The journey to Canadian soil has been an interesting one for Fisher Flying Products. Originally founded in Ohio, USA by Michael E. Fisher, the company had a quick ownership change and flourished for 20 years before arriving in Woodbridge, Ontario in 2009 under new ownership. In 2014 Dave Hertner of Dorchester, Ontario (close to the city of London, ON) purchased Fisher and is merrily producing kits and components for the Fisher fleet.
Fleet we say? Well, yes, over 30-odd years, Fisher has released a veritable buffet of models, servicing every pilot from single-pilot high-wing micro-planes to capable, robust bush-planes in the Cub-style to classic bi-planes and even warbird replicas. It’s a huge list from a company who want to appeal to everyone.
The most incredible fact about these birds is that they are all of wooden construction. Now this may sound a little alarming to the un-initiated but we have to remember a simple fact. Many of the aircraft in WW2 were built of or with wood and they flew at 400MPH+ and fought pitched battles at high G with, you know, bullets. OK then, let’s not discount wood right-away. Wood is strong, light and easily-worked. Wood, for an aircraft material, is actually ideal.
Enter the wooden kit manufacturers like Fisher. Actually there aren’t too many like Fisher. Many kit manufacturers have gone the way of aluminum and steel, thus focusing on build simplicity and expediency than traditional craftsmanship, but the vintage and traditionalist crowd still hanker for the real thing. How do we know this? Simply because there are hundreds of Fisher aircraft flying all-over the planet.
On entering the facility with Dave, who had very kindly offered us a tour, we were greeted with the smell of cut wood – not unexpected but extremely agreeable. There were stacks of specialized plywood, from a few milimetres in depth to over an inch containing what looked like over a dozen “ply’s”. This isn’t your grandad’s shed plywood, it’s selected from specific sources for specific attributes like flexibility, durability, tensile and compressive strength and weight.
The machinery was simple, but specific to the task. A large C&C-type wood-cutting machine can cut larger parts or multiples of smaller ones with laser-like accuracy meaning these parts actually fit together. Fisher actually have some parts which fit so tightly, dry-fitting can be difficult to undo. There are specialized tab-style and gussetless connections which match strength with minimal material, keeping things light, strong and accurate.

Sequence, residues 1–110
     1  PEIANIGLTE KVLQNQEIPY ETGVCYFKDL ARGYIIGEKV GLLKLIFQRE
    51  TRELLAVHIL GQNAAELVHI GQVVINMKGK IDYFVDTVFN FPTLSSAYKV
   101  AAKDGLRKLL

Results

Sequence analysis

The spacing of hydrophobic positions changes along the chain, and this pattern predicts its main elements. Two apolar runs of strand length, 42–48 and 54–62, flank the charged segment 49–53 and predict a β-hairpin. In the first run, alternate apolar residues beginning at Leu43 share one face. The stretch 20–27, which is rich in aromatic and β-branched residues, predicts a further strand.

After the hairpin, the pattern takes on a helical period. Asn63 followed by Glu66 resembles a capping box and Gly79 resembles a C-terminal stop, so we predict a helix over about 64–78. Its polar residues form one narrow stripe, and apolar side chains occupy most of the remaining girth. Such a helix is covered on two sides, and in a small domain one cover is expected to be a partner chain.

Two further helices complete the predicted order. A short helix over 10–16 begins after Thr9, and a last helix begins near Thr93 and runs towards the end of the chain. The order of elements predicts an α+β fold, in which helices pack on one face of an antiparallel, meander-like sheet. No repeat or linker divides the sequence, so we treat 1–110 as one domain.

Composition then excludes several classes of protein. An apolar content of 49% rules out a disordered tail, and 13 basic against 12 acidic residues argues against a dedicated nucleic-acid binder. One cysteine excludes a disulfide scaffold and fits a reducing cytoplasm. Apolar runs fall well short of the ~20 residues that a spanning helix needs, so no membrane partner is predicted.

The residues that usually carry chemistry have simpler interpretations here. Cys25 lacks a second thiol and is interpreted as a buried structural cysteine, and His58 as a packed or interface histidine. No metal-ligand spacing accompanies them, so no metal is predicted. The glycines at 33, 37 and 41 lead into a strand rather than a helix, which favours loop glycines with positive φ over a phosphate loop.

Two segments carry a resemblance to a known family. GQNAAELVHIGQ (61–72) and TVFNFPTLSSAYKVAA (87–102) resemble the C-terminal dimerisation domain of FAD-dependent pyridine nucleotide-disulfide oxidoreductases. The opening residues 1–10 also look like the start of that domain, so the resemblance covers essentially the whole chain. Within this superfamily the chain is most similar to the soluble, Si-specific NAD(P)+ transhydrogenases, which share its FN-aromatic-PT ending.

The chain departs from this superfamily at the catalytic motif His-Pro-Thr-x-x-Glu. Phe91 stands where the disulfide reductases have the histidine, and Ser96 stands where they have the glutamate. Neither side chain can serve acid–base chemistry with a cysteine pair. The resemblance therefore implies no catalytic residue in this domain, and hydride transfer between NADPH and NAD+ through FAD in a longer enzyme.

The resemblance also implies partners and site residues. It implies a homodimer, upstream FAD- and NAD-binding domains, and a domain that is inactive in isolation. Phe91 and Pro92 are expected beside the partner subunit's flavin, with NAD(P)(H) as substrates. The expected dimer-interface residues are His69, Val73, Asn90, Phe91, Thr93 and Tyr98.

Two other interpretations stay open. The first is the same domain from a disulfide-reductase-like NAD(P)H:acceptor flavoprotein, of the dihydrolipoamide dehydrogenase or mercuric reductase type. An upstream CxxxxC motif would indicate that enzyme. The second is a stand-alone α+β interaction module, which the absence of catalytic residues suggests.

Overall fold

There were wing ribs being built on the table and it was easy to see that the home-builder could, upon construction of the jig to do so, could produce parts efficiently. The wooden kits comprise the plans, materials and all fixings to put the aircraft together. It looks to be a wood-craftsman dream to get a stock of specialized wood, plans and instruction and have-at-it. Quick-build kits are available for some models, meaning the home-builder can utilize the factory expertise for some of the repetitious items (like ribs for example) speeding-up the process – but many Fisher builders start from scratch.
Obviously, not all the parts are wooden. Landing gear and control elements are metal and cowls, windows and the like are, naturally, the applicable material – all contained in the kit. The kit comprises around one third of the cost of a flying aircraft – that’s a reasonable rule of thumb for many kit planes as a matter of fact.
The engine is certainly going to be a major part of the cost, but here again, Fisher can assist. There are several options including smaller Lycomings, Rotax, Polini, Hirth and D-Motor, the latter being a make for which Fisher has the Canadian distribution rights.
Avionics and finishings make-up the last third of the cost to complete but with these often VFR day-flyers, these can be kept to a minimum. It doesn’t make sense to put a glass-panel in a vintage bi-plane replica so in essence, the simpler the better.
What does all this mean for your wallet? You can build and fly a more simple Fisher model for $15,000 for certain. A Youngster or Classic bi-plane will be proportionally more due to be larger, more compex and having an extra set of wings, be here again, a beautiful example is easily buildable for $55,000.
Dave is a new owner-manufacturer with an established marque. He understands the Fisher legacy and is extremely eager to service current owners offering assistance and service. Dave is keen on promoting the idea of affordable flying and classic craftsmanship with his line-up of beautiful aircraft.
A huge thanks to Dave and his team for extending us such a warm welcome. We heartily recommend a chat with Dave if you are interested in these wonderful machines.
The remarkable Fisher Flying can be found at: http://www.fisherflying.com
Posted: August 26, 2015